Over 1 Million Gallons of Contaminated Water Excavated From Ohio Train Derailment Site

Over 1 Million Gallons of Contaminated Water Excavated From Ohio Train Derailment Site
Following a train derailment, petroleum based chemicals float on the top of the water in Leslie Run creek after being agitated from the sediment on the bottom of the creek in East Palestine, Ohio on Feb. 20, 2023. (Michael Swensen/Getty Images)

Around 15,000 pounds of contaminated soil and 1.1 million gallons of contaminated water have been excavated from the site of a train derailment earlier this month in East Palestine, Ohio, train operator Norfolk Southern said on Feb. 20.

The announcement comes shortly after a state senator warned people living in close proximity to the derailment not to drink or bathe in the water.

Norfolk Southern said that the excavated contaminated soil and water will be transported to landfills and disposal facilities that are “designed to accept it safely in accordance with state and federal regulations.”

“Additionally, a series of pumps have been placed upstream to reroute Sulphur Run around the derailment site,” the carrier said. “The affected portion of Sulphur Run has been dammed to protect water downstream.”

“Environmental teams are treating the impacted portions of Sulphur Run with booms, aeration, and carbon filtration units,” Norfolk Southern said, adding that those teams are “also working with stream experts to collect soil and groundwater samples to develop a comprehensive plan to address any contamination that remains in the stream banks and sediment.”

The train, carrying about 50 freight cars, was traveling from Madison, Illinois, to Conway, Pennsylvania, on Feb. 3 when it derailed in East Palestine.

State officials ordered the evacuation of a 1-mile radius surrounding the crash site shortly after the incident but lifted those evacuation orders after crews burned the chemicals onboard, which included vinyl chloride, ethylhexyl acrylate, ethylene glycol monobutyl ether, and butyl acrylate, in a controlled release on Feb. 6.

Ohio toxic spill
An environmental company is removing dead fish downstream from the site of the train derailment that forced people to be evacuated from their homes in East Palestine, Ohio on Feb. 6, 2023. (Alan Freed/Reuters)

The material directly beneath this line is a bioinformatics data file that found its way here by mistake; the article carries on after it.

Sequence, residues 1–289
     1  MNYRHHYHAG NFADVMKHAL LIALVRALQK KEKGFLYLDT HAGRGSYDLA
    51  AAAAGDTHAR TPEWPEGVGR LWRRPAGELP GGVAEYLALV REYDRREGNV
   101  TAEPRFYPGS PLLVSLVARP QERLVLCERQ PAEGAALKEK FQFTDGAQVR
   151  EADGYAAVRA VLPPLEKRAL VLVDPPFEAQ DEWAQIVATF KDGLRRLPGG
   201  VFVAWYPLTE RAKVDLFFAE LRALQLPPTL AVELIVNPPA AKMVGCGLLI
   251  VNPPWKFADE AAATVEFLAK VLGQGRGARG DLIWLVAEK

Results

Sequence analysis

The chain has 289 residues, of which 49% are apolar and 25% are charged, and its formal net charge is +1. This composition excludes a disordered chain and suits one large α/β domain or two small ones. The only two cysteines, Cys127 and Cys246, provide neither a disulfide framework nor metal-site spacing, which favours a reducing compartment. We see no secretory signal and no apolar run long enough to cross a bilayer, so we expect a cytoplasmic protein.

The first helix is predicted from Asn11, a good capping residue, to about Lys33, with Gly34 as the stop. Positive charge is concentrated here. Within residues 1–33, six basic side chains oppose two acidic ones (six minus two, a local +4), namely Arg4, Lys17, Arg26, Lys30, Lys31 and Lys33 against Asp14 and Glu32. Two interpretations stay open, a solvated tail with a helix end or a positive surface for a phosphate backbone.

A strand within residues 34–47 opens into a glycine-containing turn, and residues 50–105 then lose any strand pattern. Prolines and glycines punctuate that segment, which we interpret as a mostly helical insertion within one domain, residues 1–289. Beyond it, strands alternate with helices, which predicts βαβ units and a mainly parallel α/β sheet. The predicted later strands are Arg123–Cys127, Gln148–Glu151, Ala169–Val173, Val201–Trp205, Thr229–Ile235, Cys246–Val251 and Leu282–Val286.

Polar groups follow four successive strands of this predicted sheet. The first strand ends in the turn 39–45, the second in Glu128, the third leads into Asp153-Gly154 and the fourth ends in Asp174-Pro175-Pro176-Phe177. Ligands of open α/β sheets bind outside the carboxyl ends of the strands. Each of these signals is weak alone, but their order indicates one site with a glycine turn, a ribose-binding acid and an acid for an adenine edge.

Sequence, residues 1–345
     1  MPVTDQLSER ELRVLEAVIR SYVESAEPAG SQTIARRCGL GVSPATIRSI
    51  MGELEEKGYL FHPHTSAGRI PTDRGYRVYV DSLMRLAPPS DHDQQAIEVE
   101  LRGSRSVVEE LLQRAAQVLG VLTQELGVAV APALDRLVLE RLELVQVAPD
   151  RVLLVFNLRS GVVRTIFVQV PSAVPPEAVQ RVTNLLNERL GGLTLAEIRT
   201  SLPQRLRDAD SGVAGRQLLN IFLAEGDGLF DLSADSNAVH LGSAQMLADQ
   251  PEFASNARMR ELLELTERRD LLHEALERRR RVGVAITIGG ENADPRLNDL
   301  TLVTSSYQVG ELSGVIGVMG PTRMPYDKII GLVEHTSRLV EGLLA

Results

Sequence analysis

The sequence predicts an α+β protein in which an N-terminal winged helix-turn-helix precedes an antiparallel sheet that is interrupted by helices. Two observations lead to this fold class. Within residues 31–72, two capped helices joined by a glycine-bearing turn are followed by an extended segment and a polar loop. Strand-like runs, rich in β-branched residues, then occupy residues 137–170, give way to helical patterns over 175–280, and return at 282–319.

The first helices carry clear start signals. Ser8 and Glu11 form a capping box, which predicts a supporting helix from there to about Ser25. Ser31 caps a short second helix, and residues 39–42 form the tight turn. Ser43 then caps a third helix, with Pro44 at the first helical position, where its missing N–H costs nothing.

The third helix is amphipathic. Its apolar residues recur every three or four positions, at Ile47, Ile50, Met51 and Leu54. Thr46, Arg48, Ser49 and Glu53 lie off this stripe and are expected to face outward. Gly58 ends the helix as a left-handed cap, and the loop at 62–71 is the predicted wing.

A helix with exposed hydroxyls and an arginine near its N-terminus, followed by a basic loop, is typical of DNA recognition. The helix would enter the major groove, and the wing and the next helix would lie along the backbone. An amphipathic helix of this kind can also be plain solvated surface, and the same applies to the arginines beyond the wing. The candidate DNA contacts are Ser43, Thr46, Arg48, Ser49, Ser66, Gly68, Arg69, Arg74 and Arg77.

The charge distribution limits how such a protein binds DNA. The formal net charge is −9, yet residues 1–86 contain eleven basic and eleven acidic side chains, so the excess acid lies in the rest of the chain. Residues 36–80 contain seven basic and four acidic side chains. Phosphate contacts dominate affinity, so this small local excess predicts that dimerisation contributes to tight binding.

Concerns over Cancer-Causing Pollutants

The controlled release also sent phosgene and hydrogen chloride into the air.

At the time the order was lifted, officials declared that it is safe for residents to return to the area after monitoring the air and water in surrounding communities and claiming they were not affected.

However, residents soon began to express concerns about their long-term health, with one resident telling The Washington Post that her family experienced headaches and nausea after returning to their home.

Other residents shared concerns regarding the environmental effects of the derailment, with some claiming to have seen dead animals in streams nearby the site of the accident, while one North Lima resident told local news outlets that all of her chickens had suddenly died shortly after the derailment.

Over the weekend, Ohio State Senator Michael Rulli, a Republican, warned residents within 10 miles of the derailment not to drink the water or bathe in it, telling Breitbart that it is “not safe: to do so.”

Rulli, whose district covers East Palestine, added that there are concerns about “cancer in the next 5, 10, 15, 20 years,” among residents in close proximity to the derailment site.

“So what I’m suggesting is that everyone goes as far away as you can and get a hotel room,” Rulli said. The senator added that he himself has experienced a “sore throat for the rest of the day” whenever he visits East Palestine.

An employee of HEPACO works in a creek along Sumner Street in downtown East Palestine, Ohio on Feb. 5, 2023. (Lucy Schaly/Pittsburgh Post-Gazette via AP)

Contaminated Rail Cars to Be Disposed

Sens. J.D. Vance (R-Ohio) and Sherrod Brown (D-Ohio) also voiced concerns about cancer-causing pollutants from the site in a Feb. 18 letter to U.S. Environmental Protection Agency (EPA) Administrator Michael Regan and Ohio Environmental Protection Agency (OEPA) Director Anne Vogel.

Several lawsuits have since been filed regarding the derailment, which is currently being probed by the Environmental Protection Agency and the National Transportation Safety Board (NTSB).

Norfolk Southern said on Monday that the “majority of the hazardous rail cars have been decontaminated and are being held on-site” to allow NTSB to continue with its investigation.

Once that probe is completed, the rail cars will be “scrapped and moved off-site for disposal,” the train operator said.

Norfolk Southern also noted that it has committed more than $5.6 million to East Palestine to date, including $3.4 million in direct financial assistance to families.

“I want residents of East Palestine to know that Norfolk Southern will be in their community to help for as long as needed,” CEO Alan Shaw said.

The excavation of the contaminated water and soil comes as Ohio Gov. Mike DeWine and Pennsylvania Gov. Josh Shapiro are set to travel to East Palestine Tuesday to provide an update on the status of cleanup work at the derailment site.

They will be joined for the briefing by the EPA’s Regan, according to reports.

From The Epoch Times